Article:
It looked as though he might have been. But then again, of course, he was fairly busy too and I think perhaps his father's admonition may of, sort of, had something to do with it. I don't know, but certainly he was a man who believed in doing things, you see. He'd grown up in a very difficult time. He was a young man, who had to ... before he went to school everyday ... had to go off in the morning, find the cows, bring them home to be milked, then take them away again, then walk a couple of miles down the road to school, and things like that. Life hadn't been very easy, and then as he grew up his father wasn't well, and he had to help his mother to do the ploughing on the farm, and it was really something that was ... Life was pretty hard. There's no two doubts about that. And then when he became a young man he went out to the other property that they had out at Inverlaw, about eight miles away from home, and he lived and camped out there and cleared this land: he and some other men who were there helping him. And eventually he came to growing peanuts. Of course he always said that in those early days when they grew corn, if they had a lot of corn then they couldn't sell it because there was an abundance of corn anyway, and otherwise there was a drought and you didn't have any corn, and it was a very, very difficult time. Life wasn't easy, you know, on the land and I suppose the same applies to people on the land these days. I mean, either you've got too much rain or you haven't got enough and things aren't very easy at all. But he did that work out there at Inverlaw and then he decided that ... he started to grow peanuts and he could see there was a future for harvesting peanuts. So this is how he got going. A friend of his offered him a peanut thrasher to go out and do contract harvesting for the neighbours. And so he went out and he did that, and then he could see that he could improve the peanut thrasher. I think his friend wanted his own peanut thrasher back after twelve months, and so Joh turned round and with Harry Stolzenberg, one of the engineers in town, he built his own peanut thrasher. So of course, he was busy going all round the countryside thrashing people's peanuts and getting organised like that. And then as the years past, at the end of the war, then he had initiative and go again. This is before he got into Parliament. He thought that he could perhaps get some war ... you know, they had machinery that was available for sale. They had these sales of machinery and they were wanting to sell what had been used, that they had available, and Joh went off down to Brisbane looking for where he could find a bulldozer, so that he could go out and gradually learn how to get, you know, [clear] some land with ... with bulldozers. He thought there was a future for that and sure enough of course, there was. Not only did he ... Well he had a lot of trouble when he first bought the first bulldozer up, getting it over the dirt roads and things like that, but he gradually got to the stage where they were able to get enough money from the first bulldozer. He said his neighbours worried him stiff too. When he first got a machine to use - how they told him he would never be able to make it pay. But he did and it was wonderful the way he was able to, well shall we say, enlarge his horizons and do a lot of bulldozing. He went out west and finally he did quite well. He had quite a lot of bulldozers and a lot of men working for him. But as he became Premier ... or Minister and Premier, he found that you had to rely on the men. He didn't have enough time to look after them himself, so ... and then he got this brain wave about aerial spraying. Between it all it was quite a busy life that he led, and when I came onto the scene ... I came onto the scene before he got his aerial spraying planes so I must say he had bulldozers at that time, and he got me, of course, when he had the plane and he couldn't send parts out by train. He used to take me up in his aeroplane and I'd have to open the door and push on the door and send out the parts down for the men down below, out of the aeroplane. That was how he used to send the parts out to the men with ... you know, with his planes.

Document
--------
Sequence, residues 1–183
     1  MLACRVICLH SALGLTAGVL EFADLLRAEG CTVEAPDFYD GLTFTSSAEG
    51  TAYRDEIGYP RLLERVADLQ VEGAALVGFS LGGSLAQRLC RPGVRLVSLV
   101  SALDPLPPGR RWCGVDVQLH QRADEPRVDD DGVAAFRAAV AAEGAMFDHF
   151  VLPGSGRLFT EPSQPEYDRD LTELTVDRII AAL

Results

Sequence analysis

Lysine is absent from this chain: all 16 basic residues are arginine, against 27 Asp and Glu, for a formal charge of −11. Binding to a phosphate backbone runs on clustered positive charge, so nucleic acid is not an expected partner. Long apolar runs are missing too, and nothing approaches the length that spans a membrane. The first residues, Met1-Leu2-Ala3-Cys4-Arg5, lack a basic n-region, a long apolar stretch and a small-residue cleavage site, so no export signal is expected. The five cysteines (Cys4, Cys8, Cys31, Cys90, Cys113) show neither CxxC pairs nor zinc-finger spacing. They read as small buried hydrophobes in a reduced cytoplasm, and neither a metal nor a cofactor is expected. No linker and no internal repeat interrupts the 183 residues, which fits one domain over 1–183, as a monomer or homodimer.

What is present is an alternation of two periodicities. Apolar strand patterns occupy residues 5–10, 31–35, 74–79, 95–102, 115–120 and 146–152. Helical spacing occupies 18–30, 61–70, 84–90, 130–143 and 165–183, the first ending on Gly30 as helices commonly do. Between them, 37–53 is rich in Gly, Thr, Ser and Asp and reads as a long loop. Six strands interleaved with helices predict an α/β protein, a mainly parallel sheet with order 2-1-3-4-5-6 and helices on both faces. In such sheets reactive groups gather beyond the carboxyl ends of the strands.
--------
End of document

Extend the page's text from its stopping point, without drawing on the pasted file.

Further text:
So this was a little, little plane?